The Men Who Stare At Goats review

Based on the Jon Ronson book, The Men Who Stare At Goats proves to be a joyous, funny and very enjoyable film...

Rather than going for super-seriousness, heavily partisan posturing, or even documentary-like commentary, The Men Who Stare At Goats, directed by actor-turned-producer Grant Heslov, is a light, pleasant comedy, with extra lashings of silliness for good measure. The film rips its narrative from Jon Ronson’s 2003 journalistic work of the same name, albeit with a fictionalised slant, and a cheery endnote declaring ‘More of this is true than you would believe’.

The men of the title stare at goats for a reason: to kill them. They are part of a top-secret division of the US Armed Forces, mostly active in the 1980s, called the New Earth Army, that were tasked with experimenting with the application of paranormal techniques in the military.

The narrative follows Bob Wilton (Ewan MacGregor), a regional journalist in America who, after experiencing something of a life crisis, decides to decamp to Iraq in search of thrills. In reality, he sits in his swanky hotel room, and makes do with exaggerated phonecalls to his ex-wife back in the States. However, a chance encounter with Lyn Cassady (George Clooney), one of the New Earth Army’s recently-reactivated ‘warrior monks’, takes him deep into the volatile war zone. Crucially, he also relates the story of the unit, from the roots in founder Bill Django’s (Jeff Bridges) experiences in the Vietnam War, to its rise and eventual fall throughout the 1970s and 1980s.

Peter Straughan’s script mines a lot of humour from the absurd collision of crew-cut, American straight-facedness and paranormal mysticism. Clooney, in particular, is a hoot. He imbues Cassady with both sincerity and conviction, which chime well with the dialogue, as he rattles off phenomena that would be familiar to any avid reader of the Fortean Times.

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Flashbacks to the Vietnam War and beyond gently ape war movie stylistics, while filling out Jeff Bridges’ best stoner guru character this side of The Dude from The Big Lebowski; however, Django is more than just flower-power antics, as the decline of the New Earth Army is transcribed onto the character’s slide into frazzled out middle age.

This ‘death of the hippy dream’ narrative is welcome, and suitably darkens the mood while keeping the pace brisk and light. This is helped in no small part by Kevin Spacey, who has a whale of a time with the conniving sci-fi nut Larry Hooper, the harbinger of doom for the unit.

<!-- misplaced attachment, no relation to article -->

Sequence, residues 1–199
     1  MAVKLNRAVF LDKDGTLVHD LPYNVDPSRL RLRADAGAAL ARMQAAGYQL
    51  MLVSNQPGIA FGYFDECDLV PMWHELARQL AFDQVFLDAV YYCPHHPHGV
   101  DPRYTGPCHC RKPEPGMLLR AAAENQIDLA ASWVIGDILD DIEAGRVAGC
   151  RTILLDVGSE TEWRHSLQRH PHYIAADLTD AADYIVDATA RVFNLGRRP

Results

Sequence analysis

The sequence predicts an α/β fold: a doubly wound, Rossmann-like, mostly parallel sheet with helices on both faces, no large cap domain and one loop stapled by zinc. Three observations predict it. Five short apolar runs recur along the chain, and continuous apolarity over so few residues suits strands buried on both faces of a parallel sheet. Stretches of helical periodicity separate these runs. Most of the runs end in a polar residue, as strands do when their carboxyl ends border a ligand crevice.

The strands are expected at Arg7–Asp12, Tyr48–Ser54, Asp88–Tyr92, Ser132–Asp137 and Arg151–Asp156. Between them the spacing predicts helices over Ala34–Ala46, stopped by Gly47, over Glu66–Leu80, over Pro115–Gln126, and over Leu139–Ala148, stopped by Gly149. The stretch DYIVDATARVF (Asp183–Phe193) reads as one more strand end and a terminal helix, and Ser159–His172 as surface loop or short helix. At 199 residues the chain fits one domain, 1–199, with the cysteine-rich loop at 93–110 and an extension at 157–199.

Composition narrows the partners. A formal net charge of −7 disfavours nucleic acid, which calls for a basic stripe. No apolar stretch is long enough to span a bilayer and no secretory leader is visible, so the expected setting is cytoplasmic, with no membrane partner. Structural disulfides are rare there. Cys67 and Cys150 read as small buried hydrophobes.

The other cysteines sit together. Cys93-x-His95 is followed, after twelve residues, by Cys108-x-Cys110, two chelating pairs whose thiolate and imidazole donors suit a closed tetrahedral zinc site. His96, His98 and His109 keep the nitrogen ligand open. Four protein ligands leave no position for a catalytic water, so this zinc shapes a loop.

The Men Who Stare At Goats is an entertaining, watchable film, but it is a great example of ‘filmed journalism’ and its potential pitfalls. The dual narrative, for the most part, works like a dream – cutting back and forth between the whirlwind free-spiritedness of the New Earth Army’s genesis and heyday, and the Iraq-based comedy-of-errors that Bob and Lyn are subjected to – but it is about two thirds of the way through, where the flashback stories end, and more weight is given to the present-day shenanigans, that the film starts to feel rudderless.

Admittedly, it is never less than peppy, but there is a problem when the film needs to justify its own existence, by having Bob experience, and relate, the tale. This is more convoluted than it needs to be, with a final act reinvention of the New Earth Army, and a last-minute hurrah for Django’s hippy utopianism, feeling like a compromise in the name of a tidy ending.

It doesn’t hurt The Men Who Stare At Goats, though, as it is, to the end, a joyous, heartfelt film, full of pleasing performances and chucklesome writing. Its tone is pitched just right, with each cheeky montage sequence, furrowed brow of concentration, or straight-faced citation of the paranormal hitting a sweet, comic note.

Misgivings about its conclusion aside, the film feels like it knows its place in the world, tipping the hat to both the book and a previous Channel 4 documentary for their more factual takes on the subject, while revelling in the barminess of the whole thing. Its worldview is optimistic, hopeful – respectful of the inclusiveness and positivism at the heart of Django’s ideology – with a sense of satire that is never mean-spirited or bitter.

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It even works a bit of magic of its own, making Boston’s More Than a Feeling, which rings out over the credits, sound utterly wonderful in context.


4 out of 5